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Is SIBO (Small Intestinal Bacterial Overgrowth) Causing Your IBS?

Updated: Mar 9

In my last blog post, Looking Beyond an IBS Diagnosis, I discussed what having IBS (Irritable Bowel Syndrome) really means, and why it's important to look beyond this diagnosis, because we now know that there are treatable conditions responsible for IBS symptoms. These are referred to the 'root causes' of IBS, and over the next series of blog posts, I will discuss the the most common IBS root causes I see in my 1:1 clients, and those who complete my IBS Protocol.

This applies to you even if you don't have an official IBS diagnosis. If you have problems with bloating, gas, diarrhea, constipation, reflux, nausea, undigested food in your poop, or autoimmunity, keep reading!

What is SIBO?

SIBO stands for Small Intestinal Bacterial Overgrowth and is defined as an increased number of bacteria in the small intestine.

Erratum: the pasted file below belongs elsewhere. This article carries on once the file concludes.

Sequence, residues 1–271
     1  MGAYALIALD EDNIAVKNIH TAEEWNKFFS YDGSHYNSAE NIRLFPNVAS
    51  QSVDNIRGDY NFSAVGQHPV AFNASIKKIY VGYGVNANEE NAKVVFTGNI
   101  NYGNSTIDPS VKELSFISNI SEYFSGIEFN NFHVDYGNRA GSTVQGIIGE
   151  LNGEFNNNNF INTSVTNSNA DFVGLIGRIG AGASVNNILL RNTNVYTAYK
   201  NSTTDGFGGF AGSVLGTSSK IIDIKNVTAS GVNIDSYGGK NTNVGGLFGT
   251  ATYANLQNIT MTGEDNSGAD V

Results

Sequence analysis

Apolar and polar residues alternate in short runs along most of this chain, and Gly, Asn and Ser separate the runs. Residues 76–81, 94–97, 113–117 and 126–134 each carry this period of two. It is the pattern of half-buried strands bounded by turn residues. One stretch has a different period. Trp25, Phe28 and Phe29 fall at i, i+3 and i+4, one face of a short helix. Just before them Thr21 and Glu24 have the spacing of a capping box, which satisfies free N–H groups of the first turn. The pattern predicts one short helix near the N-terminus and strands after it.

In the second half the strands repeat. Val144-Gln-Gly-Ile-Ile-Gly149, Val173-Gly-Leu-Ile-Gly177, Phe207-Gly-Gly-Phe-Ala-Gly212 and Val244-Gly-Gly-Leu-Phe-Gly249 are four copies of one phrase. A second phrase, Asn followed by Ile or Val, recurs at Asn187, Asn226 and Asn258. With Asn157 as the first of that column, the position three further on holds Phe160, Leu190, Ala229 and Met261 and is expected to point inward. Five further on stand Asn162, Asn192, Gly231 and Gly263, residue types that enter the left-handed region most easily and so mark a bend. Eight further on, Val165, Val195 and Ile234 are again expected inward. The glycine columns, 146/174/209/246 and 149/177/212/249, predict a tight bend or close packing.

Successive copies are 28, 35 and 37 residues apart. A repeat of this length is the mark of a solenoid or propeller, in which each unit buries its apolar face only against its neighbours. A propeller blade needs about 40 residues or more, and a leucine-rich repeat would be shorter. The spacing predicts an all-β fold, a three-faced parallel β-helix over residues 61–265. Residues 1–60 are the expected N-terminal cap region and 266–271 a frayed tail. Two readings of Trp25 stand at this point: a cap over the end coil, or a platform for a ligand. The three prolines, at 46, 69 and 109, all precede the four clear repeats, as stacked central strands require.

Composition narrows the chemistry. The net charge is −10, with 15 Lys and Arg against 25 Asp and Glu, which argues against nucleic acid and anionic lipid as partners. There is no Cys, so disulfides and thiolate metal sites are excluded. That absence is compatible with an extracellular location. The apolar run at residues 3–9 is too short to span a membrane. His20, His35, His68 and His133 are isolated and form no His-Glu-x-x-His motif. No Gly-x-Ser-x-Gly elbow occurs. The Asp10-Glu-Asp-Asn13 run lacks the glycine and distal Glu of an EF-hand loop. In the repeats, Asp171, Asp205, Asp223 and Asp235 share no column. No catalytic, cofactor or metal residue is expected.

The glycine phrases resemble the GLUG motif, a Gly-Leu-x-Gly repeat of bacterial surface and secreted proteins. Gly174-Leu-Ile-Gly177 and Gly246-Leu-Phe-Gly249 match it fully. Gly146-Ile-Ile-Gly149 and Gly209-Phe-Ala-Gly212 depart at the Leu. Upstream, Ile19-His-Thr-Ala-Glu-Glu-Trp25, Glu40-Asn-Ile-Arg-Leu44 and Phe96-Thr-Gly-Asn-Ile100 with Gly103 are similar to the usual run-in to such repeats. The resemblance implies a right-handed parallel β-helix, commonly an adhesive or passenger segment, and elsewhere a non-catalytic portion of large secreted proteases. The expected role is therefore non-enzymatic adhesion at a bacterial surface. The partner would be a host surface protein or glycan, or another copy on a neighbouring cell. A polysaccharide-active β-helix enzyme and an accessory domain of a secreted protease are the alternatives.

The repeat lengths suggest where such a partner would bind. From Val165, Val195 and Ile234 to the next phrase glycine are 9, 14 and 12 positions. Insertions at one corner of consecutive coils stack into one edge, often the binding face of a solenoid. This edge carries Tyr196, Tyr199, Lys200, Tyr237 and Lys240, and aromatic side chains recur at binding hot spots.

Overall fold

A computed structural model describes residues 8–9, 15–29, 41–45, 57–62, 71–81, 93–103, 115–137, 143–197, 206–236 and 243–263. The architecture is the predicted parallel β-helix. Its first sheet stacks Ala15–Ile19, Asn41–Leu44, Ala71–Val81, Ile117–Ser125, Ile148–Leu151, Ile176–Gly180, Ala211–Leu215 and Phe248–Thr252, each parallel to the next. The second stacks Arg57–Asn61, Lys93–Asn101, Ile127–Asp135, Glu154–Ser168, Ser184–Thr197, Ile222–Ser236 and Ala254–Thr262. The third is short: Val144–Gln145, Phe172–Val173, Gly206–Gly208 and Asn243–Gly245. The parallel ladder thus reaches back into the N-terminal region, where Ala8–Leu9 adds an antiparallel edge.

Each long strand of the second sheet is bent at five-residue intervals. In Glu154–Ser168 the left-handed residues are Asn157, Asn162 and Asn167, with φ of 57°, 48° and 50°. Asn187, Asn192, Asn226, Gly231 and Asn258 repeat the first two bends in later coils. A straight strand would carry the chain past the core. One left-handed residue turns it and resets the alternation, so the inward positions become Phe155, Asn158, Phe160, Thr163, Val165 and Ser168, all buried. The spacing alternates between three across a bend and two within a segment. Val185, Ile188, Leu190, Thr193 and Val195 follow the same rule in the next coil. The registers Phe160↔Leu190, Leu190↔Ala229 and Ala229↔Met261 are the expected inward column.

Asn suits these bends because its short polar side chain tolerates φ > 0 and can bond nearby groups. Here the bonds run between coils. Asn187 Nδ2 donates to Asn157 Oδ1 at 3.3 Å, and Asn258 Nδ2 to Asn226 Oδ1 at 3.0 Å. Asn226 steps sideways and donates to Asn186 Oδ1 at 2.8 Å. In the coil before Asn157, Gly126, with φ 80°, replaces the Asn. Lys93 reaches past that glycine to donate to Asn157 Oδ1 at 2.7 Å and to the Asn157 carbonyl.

What is unique about SIBO is that these bacteria move to where they don’t belong and colonise the small intestine, a region that should contain very limited numbers of bacteria.

Because these bacteria are supposed to be in the large intestine, they are mostly species that ferment carbohydrates and the byproduct is either hydrogen or methane gas both of which will result in abdominal bloating. But just like IBS, SIBO sufferers are usually divided into one of three different categories:

Hydrogen SIBO - mostly associated with diarrhea, but sometimes alternating constipating and diarrhea.

Methane SIBO - associated with constipation.

Hydrogen Sulfide SIBO - associated with rotten egg smelling gas.